Of course, in the case of DIT the Grangegorman project is based precisely on the assumption that a single location creates a more cohesive and vibrant educational institution. Elsewhere also, multi-campus universities (for example, De Montfort in England) have been consolidating their locations in order to have a single campus.

So what, if anything, should be the principle underlying all this? Is there a desirable model? The answer to that depends of course on how we view the future of higher education, and how we see university programmes developing. It is also connected with questions of economic development and regeneration, as towns and communities often argue that a university in their midst is necessary to attract investment and skills.

There doesn’t of course have to be ‘an answer’ to this – there can be several models and diversity may be desirable. But if there isn’t an answer, there needs to be an idea or a basis for assessment of what is right in each case. We need to have a sense of the economics of distributed universities, and of their capacity to connect subject areas with each other across distances. And we also need to have a proper view on what is reasonable in terms of a higher education presence in regional communities, and whether people from these communities can be offered programmes that don’t force them to leave (with the risk that they won’t return). We need to have a proper view of the geography of higher education.

Quality in the universities

October 8, 2008

One of the key developments in the higher education sector over the past two decades is the arrival of what is sometimes called the ‘quality movement’. In a nutshell, the various stakeholders of the universities have been less and less willing to take on trust that the teaching and research in these institutions is of high quality and have sought ways in which this could be independently verified.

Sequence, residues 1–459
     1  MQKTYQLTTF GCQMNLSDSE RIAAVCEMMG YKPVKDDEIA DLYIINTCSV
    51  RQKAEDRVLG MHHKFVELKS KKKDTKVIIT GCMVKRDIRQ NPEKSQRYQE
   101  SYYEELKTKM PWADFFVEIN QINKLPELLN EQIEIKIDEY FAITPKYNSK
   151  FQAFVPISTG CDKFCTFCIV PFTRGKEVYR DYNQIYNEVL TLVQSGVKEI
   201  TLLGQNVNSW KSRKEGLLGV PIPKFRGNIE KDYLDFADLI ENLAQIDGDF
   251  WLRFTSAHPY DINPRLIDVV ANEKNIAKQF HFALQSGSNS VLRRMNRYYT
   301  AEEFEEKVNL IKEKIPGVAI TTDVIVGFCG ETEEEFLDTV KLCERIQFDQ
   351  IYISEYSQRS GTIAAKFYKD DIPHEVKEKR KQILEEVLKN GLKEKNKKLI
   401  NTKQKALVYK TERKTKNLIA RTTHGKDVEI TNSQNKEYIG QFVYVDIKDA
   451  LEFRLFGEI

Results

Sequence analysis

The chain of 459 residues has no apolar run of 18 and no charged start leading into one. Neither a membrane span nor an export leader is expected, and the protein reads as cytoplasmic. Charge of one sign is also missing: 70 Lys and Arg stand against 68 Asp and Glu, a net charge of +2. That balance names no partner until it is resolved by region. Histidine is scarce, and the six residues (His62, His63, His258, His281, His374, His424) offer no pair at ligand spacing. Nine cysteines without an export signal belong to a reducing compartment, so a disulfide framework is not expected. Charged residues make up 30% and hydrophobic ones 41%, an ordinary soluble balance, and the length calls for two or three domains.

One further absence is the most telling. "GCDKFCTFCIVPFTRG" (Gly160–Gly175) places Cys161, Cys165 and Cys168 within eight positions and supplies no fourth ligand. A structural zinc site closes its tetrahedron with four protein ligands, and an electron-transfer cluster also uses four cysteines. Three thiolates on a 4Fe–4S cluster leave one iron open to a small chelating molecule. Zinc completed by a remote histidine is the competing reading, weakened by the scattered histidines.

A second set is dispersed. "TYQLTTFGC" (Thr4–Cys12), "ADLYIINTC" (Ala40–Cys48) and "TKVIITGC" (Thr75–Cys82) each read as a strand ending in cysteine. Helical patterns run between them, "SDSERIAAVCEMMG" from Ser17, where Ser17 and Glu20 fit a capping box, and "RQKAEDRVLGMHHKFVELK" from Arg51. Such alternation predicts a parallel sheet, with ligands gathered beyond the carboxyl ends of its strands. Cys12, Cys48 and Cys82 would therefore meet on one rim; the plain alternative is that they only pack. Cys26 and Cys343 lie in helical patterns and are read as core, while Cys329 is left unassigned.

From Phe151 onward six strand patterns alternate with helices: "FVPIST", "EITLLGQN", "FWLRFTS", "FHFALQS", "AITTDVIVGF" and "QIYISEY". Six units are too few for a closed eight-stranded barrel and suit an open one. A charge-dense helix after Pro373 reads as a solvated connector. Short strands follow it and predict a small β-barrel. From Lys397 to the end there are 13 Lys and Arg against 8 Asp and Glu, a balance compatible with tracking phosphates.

In the UK this led to the quality assessment process overseen by the Quality Assurance Agency (the QAA), and the Research Assessment Exercise. It has been argued that these two mechanisms may have, at least initially, had a very doubtful impact on quality, though their quantitative impact may have been clearer (not to mention the bureaucratic impact). On the other hand, there can be little doubt that these processes made both the institutions and their staff acutely aware of the need to demonstrate the value of delivery of the universities’ core mission.

In Ireland the universities established the Irish Universities Quality Board, to which the governing authorities of all the institutions have ceded certain tasks for maintaining a framework of quality assurance and improvement. It has had an important role in developing and sustaining a framework of regular and public reports for each university and for academic units and programmes.

I propose to look again in a future post at the success of the Irish model, but it seems to me that a question we must ask initially is the key one: what actually constitutes ‘quality’ in a university, and if you want to measure it, what do you measure and how? These questions appear simple enough, but are in fact extremely complex. The British experience may be instructive, as a good deal of what was done initially to introduce quality assurance mechanisms may have been less than ideal; in Ireland we have an opportunity to learn from that.

So in my next post on this blog, I propose to attempt an answer to the question of what constitutes quality. Then after that, I shall look briefly at how our initiative with the IUQB has worked.

In the meantime, I would welcome comments.